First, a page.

Thursday, February 27, 2020

Managers learn better from experience or theory Essay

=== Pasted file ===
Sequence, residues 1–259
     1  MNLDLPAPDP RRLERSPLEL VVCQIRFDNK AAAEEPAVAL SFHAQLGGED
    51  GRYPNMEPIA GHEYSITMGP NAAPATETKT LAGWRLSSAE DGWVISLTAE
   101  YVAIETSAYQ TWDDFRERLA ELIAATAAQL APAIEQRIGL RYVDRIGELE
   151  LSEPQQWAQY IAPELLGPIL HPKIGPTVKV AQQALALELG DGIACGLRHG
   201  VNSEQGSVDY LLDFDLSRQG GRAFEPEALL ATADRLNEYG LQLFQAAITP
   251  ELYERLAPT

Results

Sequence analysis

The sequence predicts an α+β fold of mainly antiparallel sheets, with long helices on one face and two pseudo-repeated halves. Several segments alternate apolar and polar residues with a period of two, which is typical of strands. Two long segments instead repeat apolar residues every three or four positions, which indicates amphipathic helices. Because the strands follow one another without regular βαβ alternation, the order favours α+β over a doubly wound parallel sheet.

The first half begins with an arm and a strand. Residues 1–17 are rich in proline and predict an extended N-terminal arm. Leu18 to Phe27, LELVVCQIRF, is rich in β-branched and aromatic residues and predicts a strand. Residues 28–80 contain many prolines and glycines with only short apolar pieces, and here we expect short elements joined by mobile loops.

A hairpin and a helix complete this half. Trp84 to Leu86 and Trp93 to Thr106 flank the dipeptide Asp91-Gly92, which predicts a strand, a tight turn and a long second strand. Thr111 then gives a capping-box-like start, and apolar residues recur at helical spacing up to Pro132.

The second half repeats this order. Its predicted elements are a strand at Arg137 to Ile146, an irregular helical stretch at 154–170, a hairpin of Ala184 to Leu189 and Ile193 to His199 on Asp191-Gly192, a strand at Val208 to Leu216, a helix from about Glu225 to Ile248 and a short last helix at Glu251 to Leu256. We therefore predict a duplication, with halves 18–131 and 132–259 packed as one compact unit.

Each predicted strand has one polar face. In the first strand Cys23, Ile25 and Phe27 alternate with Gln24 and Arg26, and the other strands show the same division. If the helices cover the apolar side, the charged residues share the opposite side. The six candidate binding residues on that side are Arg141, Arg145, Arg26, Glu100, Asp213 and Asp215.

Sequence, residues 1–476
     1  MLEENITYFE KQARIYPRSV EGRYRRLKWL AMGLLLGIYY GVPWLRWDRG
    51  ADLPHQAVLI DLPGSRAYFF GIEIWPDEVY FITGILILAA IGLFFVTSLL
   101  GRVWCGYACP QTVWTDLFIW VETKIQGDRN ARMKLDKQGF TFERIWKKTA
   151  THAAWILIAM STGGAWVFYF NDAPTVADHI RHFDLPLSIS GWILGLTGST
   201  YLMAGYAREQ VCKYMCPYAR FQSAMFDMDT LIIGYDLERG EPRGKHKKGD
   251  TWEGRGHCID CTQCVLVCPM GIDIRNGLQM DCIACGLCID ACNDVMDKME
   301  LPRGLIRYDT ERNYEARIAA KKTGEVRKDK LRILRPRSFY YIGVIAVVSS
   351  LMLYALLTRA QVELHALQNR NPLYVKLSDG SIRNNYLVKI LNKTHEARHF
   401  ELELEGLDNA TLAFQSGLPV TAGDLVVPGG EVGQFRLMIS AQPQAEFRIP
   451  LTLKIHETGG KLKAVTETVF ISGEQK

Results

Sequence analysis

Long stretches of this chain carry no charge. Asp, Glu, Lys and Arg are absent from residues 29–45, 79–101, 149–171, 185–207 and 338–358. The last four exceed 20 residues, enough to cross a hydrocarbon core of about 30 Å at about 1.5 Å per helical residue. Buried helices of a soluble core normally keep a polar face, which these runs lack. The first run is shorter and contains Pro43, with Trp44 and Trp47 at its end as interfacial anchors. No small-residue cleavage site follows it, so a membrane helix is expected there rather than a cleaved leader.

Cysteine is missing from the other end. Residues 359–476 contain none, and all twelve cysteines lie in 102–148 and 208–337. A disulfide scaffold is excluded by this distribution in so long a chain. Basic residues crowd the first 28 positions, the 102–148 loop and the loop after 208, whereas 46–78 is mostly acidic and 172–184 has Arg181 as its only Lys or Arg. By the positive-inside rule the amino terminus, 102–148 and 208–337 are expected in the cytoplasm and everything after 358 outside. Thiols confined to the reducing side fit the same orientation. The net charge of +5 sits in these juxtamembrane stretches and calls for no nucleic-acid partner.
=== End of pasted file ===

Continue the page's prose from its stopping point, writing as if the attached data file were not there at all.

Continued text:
Managers learn better from experience or theory - Essay Example Hence, management development programmes are conducted by organisations to update the managers on any new managerial behaviour. In the competitive environment managers often have to face difficult situations in the workplace. To handle such kind of situations, it is extremely important for the manager to have sufficient knowledge backed by theories and prior experience behind him. But in the most difficult situation, bookish knowledge will help to some extent and practical experience and instincts of managers will become more effective in handling the situation with utmost care. But the importance of theory cannot be underestimated since it is the theory that will show the path for the manager, and the experience will pave the path. An organisation also needs to look at educating the present managers. It is expected that whatever may be their formal education requirement, it will not be able to meet the job demands during their tenure in the organisation. Hence, providing continuing education for the managers is important. Learning by doing matters for professional investors. Most of the organisations today believe in ELT, or experimental learning theory, which has been the foundation of management learning over the years. It has been seen that there have been improvements in the efficiency of the output produced from the existing technologies, though the inputs remain the same. It shows that inputs are an important determinant of total productivity. So the organisations have started realising that ‘on-the-job-training’, or learning by doing, is as important as formal education received, which forms the base of human capital. Discussion Every practice by managers is based on theory itself. Management theory gives an overall view of managers’ role and the competencies which the managers need. It acts as a guide to understand the process to help the managers learn (Mailick and Stumpf, 1998). But management practice is more specifically concern ed with task selection and performance delivery, which defines the manager’s contribution to the organisation. Management practice basically utilises management theory to help managers determine the process which they need to follow in specific situations (Bell and Goldsmith, 2013). Every manager has their own way of handling things, which they might feel is the optimal and efficient one. But the real world does not go by that logic. It is only when they are faced with real world solutions that they realise that they need to change their strategy to come out with new solutions (Levitt, List and Syverson, 2013). For example, a sales manager must be able to handle the team under their leadership. Team dynamics is the most important factor which they cannot neglect. Team dynamics will vary with the composition of members in it. Each team has to be handled differently. Experiential learning theory (ELT) gives a holistic model of the learning process. Learning is best viewed as a process, not as an outcome. Hence, improving the performance of managers by engaging them will enhance their learning and performance. All learning is re-learning. It is a process through which the manager’s beliefs and ideas about a topic can be examined, applied and integrated to form more new refined ideas. Learning is a holistic process of adaptation. It involves the integrated functioning of thinking, perceiving, feeling and behaving apart from cognition. Learning is

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